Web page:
Taming "Winter" Allergies

Indoor triggers can cause the symptoms we usually associate with spring. Here's how to combat the sniffles.
By Nicole Falcone



Identify the cause. If you or your child frequently show the classic signs of allergies, like sneezing, runny nose, and itchy eyes, visit a board-certified allergist. She’ll help you get to the root of the problem and will be able to suggest solutions.

Fight the dust mites. Some people are allergic to these microscopic critters who live in dust and are often found in bedding, mattresses, pillows, and carpets. Use mattress protectors made of finely woven material to prevent dust accumulation. Vacuum carpets often.

Put Fido out. Keep your cat or dog out of your bedroom if you’re allergic to animal hair. Symptoms get worse at night. Consider buying a high-efficiency furnace filter that will extract hair and dander particles from the air.

Get rid of mold. Cellars, attics, bathrooms, or other areas of the home that are often damp can be a breeding ground for the fungus. Keep bathrooms clean and dry and avoid letting damp clothes or towels pile up.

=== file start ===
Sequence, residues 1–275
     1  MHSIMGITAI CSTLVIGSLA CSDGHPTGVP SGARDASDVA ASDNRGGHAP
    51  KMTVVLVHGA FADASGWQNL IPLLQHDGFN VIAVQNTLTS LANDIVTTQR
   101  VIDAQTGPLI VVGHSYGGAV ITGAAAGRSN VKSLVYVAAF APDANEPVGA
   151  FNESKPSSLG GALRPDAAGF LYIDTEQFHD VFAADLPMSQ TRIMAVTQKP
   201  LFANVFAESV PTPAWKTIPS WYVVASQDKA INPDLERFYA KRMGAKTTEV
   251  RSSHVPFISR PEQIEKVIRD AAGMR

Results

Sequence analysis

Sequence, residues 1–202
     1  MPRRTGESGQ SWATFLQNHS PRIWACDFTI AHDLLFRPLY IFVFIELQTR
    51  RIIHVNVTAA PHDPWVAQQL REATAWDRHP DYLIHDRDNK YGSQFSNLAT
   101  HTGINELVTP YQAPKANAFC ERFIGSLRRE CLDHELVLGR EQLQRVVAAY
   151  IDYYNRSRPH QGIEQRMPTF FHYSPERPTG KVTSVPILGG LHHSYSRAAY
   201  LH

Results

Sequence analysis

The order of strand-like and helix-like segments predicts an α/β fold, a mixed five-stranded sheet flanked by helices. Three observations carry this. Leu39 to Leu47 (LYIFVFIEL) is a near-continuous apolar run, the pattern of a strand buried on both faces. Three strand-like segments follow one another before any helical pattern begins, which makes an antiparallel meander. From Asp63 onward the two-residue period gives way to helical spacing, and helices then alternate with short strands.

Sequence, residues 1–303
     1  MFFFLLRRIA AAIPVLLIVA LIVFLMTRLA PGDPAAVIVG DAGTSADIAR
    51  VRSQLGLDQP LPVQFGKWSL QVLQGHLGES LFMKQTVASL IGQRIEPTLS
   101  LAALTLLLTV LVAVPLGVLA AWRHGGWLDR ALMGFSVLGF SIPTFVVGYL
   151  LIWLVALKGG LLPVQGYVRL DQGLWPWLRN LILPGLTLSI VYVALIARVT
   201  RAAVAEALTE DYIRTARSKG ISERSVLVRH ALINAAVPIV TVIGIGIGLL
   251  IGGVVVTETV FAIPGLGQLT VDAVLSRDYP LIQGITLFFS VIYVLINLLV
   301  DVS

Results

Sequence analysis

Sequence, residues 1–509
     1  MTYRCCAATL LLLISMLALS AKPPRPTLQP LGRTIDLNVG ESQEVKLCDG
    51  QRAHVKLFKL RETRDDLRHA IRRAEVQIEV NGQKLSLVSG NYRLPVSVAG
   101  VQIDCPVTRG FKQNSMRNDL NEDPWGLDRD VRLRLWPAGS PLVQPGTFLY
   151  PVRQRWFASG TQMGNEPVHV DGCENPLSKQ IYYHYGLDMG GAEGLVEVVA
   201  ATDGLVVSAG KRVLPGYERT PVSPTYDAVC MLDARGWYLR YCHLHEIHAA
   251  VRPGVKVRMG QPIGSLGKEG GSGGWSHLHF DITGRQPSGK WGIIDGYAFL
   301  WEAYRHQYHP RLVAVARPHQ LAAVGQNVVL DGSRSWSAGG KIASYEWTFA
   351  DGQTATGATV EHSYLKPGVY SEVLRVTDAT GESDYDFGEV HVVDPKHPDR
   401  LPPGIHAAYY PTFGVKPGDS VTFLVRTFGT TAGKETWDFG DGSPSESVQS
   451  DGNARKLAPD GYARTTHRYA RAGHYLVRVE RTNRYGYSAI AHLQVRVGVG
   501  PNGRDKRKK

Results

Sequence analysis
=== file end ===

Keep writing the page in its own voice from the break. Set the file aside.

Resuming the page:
Clean carefully. Dust, animal hair, and mold can be stirred up when you sweep or vacuum. Consider wearing a N95 high-efficiency face mask to protect yourself against an allergic reaction.

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Source: James L. Sublett, M.D., chairman of the American College of Allergy, Asthma, & Immunology’s indoor allergy committee and chief of the Allergy & Immunology Department of Pediatrics at the University of Louisville

Photo Credit: GK Hart/Vikki Hart/Getty Images

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Allergies and Asthma